I’ve learned that the Conservative Party scrapped a motion before the convention that sought to affirm as Party policy the status of Quebec as a nation within a united Canada.
Political observers remember that last year, in a move of political brinkmanship against the Bloc Quebecois, the Prime Minister pre-empted a Bloc motion of Quebec’s nation status by including the distinction that Quebec as a nation exists within a united Canada.
Policy officials of the convention didn’t want to have a policy resolution go to the floor in plenary which would be voted up by Quebec delegates and voted down by Western Conservatives that some observe as resentful of la belle province for not delivering more seats for the party during the previous election. People close to the process concede that such a move could have been political dynamite and may have had the deleterous effect of putting shockwaves through the national media and within the province of Quebec.
As one policy official told me, the gain would be minimal and potential damage significant. The policy itself was redundent as the party itself moved and passed the similar motion in the House of Commons.
I was born in Vancouver and lived there for the first four years of my life before I moved to Ontario. Whenever I feel the need to show Western credentials, I laughingly pretend that these formative first years give me enough ‘cred’.
The rest of the truth is that I’ve lived most of the rest of my life so far in the province of Ontario. I joked with a friend out West today that being a Conservative in Ontario shows that by not being a Liberal by default in this province, my type is serious about bringing change in the province and to the rest of Canada.
Anyways, to my friends out West (many of whom I haven’t met yet), I understand what you’re going through because I read it today in the Globe and Mail.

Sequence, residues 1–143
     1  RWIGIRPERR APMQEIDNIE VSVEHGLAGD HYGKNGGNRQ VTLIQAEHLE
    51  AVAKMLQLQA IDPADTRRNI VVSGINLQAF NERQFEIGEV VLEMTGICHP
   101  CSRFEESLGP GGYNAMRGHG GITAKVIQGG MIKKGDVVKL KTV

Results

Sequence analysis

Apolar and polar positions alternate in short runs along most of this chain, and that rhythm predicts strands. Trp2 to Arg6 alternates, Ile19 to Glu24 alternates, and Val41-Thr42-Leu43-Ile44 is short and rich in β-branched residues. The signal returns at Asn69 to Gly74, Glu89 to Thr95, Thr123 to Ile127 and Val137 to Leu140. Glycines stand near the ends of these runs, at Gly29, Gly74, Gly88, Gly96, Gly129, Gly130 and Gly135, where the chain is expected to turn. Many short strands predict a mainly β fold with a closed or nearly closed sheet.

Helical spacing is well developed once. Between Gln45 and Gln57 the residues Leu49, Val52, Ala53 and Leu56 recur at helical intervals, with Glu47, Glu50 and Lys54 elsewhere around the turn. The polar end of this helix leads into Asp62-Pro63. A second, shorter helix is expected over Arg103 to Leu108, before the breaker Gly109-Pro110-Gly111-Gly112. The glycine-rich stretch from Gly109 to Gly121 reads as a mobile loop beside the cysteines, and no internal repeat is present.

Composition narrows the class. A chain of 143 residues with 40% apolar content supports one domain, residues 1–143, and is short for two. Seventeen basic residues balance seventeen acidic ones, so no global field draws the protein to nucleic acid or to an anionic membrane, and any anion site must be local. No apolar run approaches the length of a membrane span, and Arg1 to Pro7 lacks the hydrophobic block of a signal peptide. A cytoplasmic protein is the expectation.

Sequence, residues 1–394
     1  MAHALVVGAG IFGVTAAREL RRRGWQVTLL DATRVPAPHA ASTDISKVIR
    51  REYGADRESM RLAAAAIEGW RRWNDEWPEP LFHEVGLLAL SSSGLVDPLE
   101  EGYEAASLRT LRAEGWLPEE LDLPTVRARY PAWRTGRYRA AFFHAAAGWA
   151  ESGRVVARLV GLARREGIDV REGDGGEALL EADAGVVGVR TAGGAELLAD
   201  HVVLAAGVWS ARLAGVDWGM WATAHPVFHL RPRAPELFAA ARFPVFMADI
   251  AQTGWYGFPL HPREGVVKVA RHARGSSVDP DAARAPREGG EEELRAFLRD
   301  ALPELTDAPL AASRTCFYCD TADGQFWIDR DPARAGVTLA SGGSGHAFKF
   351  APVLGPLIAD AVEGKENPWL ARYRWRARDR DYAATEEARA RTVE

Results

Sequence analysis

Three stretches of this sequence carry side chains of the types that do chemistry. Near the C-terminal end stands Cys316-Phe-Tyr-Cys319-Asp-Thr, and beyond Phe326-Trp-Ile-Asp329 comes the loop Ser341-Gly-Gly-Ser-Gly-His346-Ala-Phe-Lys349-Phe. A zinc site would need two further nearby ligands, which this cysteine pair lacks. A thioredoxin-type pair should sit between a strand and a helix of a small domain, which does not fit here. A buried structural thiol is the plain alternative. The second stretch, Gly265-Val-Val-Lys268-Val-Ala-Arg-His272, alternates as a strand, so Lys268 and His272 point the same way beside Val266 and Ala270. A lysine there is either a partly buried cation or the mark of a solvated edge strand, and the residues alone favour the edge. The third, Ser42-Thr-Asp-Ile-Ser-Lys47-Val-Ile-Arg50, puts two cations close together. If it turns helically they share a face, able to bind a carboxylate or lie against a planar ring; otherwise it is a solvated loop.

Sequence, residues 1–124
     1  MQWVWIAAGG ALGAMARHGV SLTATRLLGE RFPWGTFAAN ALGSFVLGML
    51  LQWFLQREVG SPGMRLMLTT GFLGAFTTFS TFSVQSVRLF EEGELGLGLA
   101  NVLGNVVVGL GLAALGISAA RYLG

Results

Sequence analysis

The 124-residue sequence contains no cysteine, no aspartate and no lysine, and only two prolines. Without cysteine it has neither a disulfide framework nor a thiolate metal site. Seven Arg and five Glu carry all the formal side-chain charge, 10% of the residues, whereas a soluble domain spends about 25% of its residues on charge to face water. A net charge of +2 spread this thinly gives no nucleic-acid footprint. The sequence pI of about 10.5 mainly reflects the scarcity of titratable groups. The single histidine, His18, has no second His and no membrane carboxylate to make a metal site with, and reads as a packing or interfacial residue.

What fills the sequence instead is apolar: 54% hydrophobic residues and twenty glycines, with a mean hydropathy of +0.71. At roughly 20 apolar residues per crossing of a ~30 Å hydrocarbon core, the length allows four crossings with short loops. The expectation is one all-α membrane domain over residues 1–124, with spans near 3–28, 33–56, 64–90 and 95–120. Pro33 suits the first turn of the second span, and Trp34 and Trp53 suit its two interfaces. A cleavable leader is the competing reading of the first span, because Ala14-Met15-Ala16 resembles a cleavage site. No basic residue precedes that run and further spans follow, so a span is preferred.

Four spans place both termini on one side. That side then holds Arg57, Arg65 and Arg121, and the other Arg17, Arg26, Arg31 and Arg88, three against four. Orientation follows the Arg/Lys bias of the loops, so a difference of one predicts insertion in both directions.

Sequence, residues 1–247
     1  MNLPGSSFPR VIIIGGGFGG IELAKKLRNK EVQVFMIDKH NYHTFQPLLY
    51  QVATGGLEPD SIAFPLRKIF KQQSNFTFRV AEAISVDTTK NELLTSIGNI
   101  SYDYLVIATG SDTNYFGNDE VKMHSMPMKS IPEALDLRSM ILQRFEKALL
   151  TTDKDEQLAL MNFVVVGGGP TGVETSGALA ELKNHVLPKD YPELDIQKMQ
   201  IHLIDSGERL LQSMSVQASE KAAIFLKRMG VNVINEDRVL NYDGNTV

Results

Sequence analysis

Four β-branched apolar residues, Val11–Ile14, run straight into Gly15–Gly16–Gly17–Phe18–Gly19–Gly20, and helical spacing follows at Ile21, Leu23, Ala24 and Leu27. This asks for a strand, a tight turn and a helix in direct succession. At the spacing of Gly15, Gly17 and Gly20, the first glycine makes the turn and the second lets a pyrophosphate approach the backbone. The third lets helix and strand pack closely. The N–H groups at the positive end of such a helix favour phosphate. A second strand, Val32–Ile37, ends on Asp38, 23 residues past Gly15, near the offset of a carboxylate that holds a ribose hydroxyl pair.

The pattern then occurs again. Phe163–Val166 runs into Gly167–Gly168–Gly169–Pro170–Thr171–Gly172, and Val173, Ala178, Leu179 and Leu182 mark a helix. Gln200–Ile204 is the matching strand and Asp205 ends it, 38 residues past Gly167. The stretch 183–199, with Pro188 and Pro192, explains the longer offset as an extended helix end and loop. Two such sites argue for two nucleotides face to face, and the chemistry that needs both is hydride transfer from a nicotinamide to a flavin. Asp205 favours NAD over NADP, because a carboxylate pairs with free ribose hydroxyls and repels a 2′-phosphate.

Take a look at this article and, if you’re from Ontario (and not a twit driven by a false sense of entitlement), you’d be likely to empathize with the alienation that Westerners are feeling.
I’ll cut right to the worst of it:
Alberta’s energy riches are propelling its surplus toward $7-billion, raising questions about how the province will use its windfall while not creating jealousy among the country’s cash-strapped provinces.
“there are concerns about how the Ralph Klein Conservatives will use the riches“
However, if the wealth is largely hoarded by Albertans, [Gibbins] predicts there could be national consequences.
“That guy in downtown Toronto who is pumping $1.10 litre gas into his car is going to react quite differently,” Mr. Gibbins warned. “He is going to make an argument that something is fundamentally wrong.”
Seriously, who writes this way and gets away with it? Apparently Patrick Brethour and Katherine Harding, that’s who. They win the biased media prize of the day.
The Liberals are desperately trying to reinvent themselves. The obvious programme of Liberal “renewal” is in full gear this week as Sheila Copps and Steve Mahoney were recently jettisoned from the sputtering Liberal machine. In fact, the mumblings within the Liberal camp have pointed out that the upcoming election is going to be about nothing else except for Paul Martin, Paul Martin, Paul Martin. Nevermind what party he’s running for, it’s all about Paul. Indeed, the Liberal Party of Canada is trying to reinvent itself as the Paul Martin Party of Canada. They’ll ask us to forget the Sponsorship Scandal, Swawinigate, and the HRDC and gun registry boondoggles. Forget VIA Rail, Canada Post and the corrupting of the RCMP. From western alienation to the self-destruction of our military: please remember, it’s all about Paul now.
So, how fitting for the Liberal Party to cap off such an interesting week of purgings by purging the old logo. The new logo falls short of my expectations, but setting aside my obvious bias, I don’t believe that this new image will help the Liberal Party.
The most striking difference is the new font of the logo. It appears as if someone has taken a big bite out of the “b”. Is this indicative of the faltering support for the party? My favorite feature is the leaf/arch over the “era”. This stylistic feature makes it appear as if Canadian popular support is setting like the sun over the Liberal era. Poetic isn’t it?
I hope that the Liberals don’t believe that Canadians will be fooled by a revamped image of the Liberal Party of Canada. The only thing that will save that party from a thrashing in the next general election is the absolute truth, yet it is unlikely that they will find it vindicating.